Because she’s not.
“We had to,” my mother pleaded. “We didn’t have any choice other.”
“Honey, you heard the doctors, you were going to die. This was the only other way.”
It was the worst outcome Lia could think of. They’d turned her into a skinner: a machine, a computer that looks like her, talks like her, and even has all her old memories. But it isn’t Lia. Not really.
Where Lia is from, being a skinner is somewhat of a controversy, and when she tries to slot back into her old life, things don’t go very smoothly. Her friends treat her differently. Her boyfriend seems unable to connect with her new machine-self. Even her family – who were responsible for making her a skinner in the first place – have trouble accepting her back into their lives.
Lia struggles with the idea of being a machine and spends a great deal of the novel wallowing in self-pity. Consequently, the book is a little on the depressing side. Lia is a bit of a whiner and I found myself wishing she’d just get over it already, and do something about it.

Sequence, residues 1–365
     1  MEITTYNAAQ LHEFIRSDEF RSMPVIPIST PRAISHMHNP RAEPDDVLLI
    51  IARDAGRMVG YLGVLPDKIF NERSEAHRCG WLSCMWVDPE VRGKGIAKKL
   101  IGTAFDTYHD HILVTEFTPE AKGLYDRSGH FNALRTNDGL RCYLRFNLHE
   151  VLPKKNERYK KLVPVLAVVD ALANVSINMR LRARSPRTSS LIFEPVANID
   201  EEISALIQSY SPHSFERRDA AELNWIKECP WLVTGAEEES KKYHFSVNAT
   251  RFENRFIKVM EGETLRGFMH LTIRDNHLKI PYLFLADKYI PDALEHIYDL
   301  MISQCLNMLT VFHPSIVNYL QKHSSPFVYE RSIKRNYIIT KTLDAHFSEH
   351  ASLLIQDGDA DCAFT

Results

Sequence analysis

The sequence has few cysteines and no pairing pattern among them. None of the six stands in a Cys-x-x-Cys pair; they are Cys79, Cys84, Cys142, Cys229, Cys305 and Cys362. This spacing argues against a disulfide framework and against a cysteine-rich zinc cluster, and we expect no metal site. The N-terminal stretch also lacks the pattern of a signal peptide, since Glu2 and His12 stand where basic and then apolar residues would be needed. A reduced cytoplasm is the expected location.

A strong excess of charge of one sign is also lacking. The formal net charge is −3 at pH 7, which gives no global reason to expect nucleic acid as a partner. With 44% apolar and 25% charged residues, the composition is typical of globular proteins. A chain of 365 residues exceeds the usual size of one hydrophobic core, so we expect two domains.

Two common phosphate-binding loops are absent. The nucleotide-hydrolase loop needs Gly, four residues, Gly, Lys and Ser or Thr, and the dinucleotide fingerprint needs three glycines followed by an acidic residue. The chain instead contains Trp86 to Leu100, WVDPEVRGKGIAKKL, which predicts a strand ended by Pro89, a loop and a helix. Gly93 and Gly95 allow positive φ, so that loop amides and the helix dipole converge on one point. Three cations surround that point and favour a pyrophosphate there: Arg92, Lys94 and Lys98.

Thankfully, she does.
She becomes friends with Auden – who is the only person in her life that seems unconcerned by the fact that she no longer has a beating heart. It’s clear from the beginning of their friendship that Auden has a thing for her, but Lia is too caught up in her own depression to notice. The question I found myself asking was, does Auden like Lia because he likes her, or does he like her because she’s a skinner? I felt sorry for Auden and desperately hoped that he’d grow a pair sooner or later.
Does he? Well, I know the answer, but you’ll just have to read it for yourself to find out. More to the point, how long can Lia live like this, surrounded by people that wishes she was dead? I know I wouldn’t be able to do it for very long…
This is the first novel in a planned series and I’m looking forward to the next instalment.
An intriguing tale that questions the very foundation of humanity.